The Environmental Protection Agency will finish 24 Superfund toxic waste cleanups this year, far fewer than the average 76 completed annually during the Clinton administration.
EPA initially targeted 40 Superfund sites for completed cleanups this fiscal year, which ends Sept. 30. Forty cleanups were finished in fiscal 2005. Among the most common contaminants are asbestos, lead, mercury and radiation.
Rep. John Dingell, D-Mich., chairman of the House Energy and Commerce Committee, blamed the Bush administration's efforts to cut EPA spending for slowing the pace of cleanups, even though Congress ultimately sets the agency's budget.
"This funding shortfall is a direct result of President Bush's declining budget submissions over a number of years, particularly when adjusted for inflation," Dingell said in a letter Wednesday to EPA Administrator Stephen Johnson.
In February, Bush proposed cutting EPA's budget for next year by almost 5 percent, to $7.1 billion. But he also proposed a slight increase in the Superfund program, to $1.24 billion.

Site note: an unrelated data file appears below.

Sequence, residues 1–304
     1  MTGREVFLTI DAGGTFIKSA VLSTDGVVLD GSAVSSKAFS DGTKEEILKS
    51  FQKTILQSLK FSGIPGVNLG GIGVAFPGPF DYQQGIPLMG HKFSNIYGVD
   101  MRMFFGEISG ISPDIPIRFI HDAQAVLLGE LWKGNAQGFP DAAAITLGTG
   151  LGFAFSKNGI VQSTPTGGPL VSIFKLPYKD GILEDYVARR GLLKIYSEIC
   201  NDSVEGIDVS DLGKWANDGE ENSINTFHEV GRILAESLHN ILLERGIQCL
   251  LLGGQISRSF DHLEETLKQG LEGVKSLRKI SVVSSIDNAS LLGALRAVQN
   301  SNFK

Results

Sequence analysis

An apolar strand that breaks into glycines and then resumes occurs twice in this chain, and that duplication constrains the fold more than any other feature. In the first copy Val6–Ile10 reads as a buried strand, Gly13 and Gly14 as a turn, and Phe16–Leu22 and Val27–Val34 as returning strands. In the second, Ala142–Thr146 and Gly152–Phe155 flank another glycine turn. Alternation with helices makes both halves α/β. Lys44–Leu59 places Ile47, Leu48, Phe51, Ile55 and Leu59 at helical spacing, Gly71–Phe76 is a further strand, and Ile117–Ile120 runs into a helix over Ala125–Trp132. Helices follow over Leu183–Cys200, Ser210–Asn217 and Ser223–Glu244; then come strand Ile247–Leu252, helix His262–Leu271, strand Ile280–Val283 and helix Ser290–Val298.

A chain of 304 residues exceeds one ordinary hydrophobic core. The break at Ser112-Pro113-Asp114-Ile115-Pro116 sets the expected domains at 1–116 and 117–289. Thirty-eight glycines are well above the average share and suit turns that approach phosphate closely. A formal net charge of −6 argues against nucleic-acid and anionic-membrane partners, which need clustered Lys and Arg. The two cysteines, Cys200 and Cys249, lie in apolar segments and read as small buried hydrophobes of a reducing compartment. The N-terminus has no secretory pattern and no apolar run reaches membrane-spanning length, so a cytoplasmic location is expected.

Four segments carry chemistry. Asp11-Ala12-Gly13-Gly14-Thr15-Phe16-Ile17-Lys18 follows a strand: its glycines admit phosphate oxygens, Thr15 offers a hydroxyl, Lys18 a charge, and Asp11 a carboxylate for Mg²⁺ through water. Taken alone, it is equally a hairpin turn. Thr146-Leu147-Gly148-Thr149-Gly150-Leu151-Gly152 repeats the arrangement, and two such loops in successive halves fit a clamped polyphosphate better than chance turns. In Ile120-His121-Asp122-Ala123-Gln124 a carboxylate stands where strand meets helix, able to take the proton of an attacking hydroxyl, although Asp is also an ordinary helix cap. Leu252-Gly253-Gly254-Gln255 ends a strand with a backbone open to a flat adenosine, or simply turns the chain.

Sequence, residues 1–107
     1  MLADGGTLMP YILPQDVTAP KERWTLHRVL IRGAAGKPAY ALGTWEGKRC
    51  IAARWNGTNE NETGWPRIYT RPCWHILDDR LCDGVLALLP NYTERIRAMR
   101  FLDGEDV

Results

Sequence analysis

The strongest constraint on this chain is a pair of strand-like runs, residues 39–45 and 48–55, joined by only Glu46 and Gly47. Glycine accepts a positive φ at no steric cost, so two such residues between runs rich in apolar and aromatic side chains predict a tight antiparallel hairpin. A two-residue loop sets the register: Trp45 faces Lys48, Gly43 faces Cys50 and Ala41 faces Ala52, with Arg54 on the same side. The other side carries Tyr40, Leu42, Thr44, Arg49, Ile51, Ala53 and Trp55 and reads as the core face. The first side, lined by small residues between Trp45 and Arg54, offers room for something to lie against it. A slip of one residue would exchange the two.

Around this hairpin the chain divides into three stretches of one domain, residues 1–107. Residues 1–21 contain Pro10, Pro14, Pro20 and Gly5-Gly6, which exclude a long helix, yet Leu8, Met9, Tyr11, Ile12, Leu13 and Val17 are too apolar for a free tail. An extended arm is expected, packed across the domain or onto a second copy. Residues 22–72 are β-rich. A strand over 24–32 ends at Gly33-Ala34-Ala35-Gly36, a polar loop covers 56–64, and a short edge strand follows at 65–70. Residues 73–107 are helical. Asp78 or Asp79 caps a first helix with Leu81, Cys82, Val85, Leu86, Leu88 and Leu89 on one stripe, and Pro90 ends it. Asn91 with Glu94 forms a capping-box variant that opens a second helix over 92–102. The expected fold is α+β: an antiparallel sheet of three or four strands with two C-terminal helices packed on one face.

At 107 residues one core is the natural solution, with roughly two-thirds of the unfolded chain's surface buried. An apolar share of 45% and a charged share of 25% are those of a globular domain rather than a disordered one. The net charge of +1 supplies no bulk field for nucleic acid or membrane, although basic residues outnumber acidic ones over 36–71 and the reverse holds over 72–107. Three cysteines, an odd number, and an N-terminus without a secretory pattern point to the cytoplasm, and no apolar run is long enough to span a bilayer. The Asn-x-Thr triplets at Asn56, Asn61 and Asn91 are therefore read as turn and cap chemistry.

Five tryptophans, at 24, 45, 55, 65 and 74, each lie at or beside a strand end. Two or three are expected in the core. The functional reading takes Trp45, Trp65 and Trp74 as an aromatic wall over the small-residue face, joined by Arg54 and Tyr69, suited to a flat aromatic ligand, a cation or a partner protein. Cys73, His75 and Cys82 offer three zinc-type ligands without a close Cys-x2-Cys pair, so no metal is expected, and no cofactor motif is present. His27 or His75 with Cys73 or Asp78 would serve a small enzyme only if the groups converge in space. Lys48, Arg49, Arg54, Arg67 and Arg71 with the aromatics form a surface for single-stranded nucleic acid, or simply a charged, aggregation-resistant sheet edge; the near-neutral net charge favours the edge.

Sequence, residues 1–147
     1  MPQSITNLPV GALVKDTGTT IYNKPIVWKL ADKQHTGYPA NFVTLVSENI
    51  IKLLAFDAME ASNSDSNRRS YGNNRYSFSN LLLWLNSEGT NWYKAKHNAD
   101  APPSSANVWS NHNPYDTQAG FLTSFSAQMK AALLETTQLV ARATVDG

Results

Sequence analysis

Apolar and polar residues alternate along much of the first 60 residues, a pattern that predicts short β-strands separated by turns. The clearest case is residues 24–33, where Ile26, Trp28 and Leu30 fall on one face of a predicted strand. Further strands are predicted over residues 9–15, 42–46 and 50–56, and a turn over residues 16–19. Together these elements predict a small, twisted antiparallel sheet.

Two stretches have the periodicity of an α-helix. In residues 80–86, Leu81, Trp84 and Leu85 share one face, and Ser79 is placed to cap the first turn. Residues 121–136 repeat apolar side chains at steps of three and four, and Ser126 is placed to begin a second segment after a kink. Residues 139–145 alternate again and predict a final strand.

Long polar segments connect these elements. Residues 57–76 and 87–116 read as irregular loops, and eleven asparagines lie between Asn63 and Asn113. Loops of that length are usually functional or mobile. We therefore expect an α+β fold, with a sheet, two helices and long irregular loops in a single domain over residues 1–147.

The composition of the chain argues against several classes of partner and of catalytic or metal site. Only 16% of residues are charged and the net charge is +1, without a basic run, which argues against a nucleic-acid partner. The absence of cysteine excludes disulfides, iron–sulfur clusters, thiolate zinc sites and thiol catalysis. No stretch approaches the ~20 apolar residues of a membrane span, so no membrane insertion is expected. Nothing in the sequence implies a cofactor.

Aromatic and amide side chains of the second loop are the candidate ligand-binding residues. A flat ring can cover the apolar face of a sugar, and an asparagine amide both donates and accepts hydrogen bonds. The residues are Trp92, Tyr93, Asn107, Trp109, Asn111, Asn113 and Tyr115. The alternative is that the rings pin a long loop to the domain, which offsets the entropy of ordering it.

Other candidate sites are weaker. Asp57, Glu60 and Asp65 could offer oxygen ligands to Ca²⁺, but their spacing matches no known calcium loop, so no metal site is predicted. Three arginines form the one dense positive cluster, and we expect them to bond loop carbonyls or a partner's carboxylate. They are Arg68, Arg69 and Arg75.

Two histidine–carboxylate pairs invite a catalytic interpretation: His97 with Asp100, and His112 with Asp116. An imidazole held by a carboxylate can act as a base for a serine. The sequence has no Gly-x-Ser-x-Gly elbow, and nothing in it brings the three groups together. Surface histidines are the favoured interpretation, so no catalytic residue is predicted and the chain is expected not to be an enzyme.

EPA spokeswoman Jennifer Wood said Thursday that the Superfund cleanup work "remains steady and is now concentrated at larger and more complicated sites."
Since 1980, EPA has dealt with 1,562 Superfund sites, agency officials said Thursday. As of this week, 1,242 of those remain on the list of uncompleted cleanups, according to EPA's Web site.
But along with the 320 that have been removed from the Superfund list because all the work has been completed, most of the cleanup work has been completed at hundreds of other sites, the officials said.
According to EPA data provided by Dingell, the Bush administration will have averaged 39 finished cleanups a year between 2001 and 2007.
He said Johnson and his staff "have attempted to obfuscate the problem" by claiming that cleanups take longer than they once did because they are more complex and bigger.
The complexity "is really no different than historical averages,"...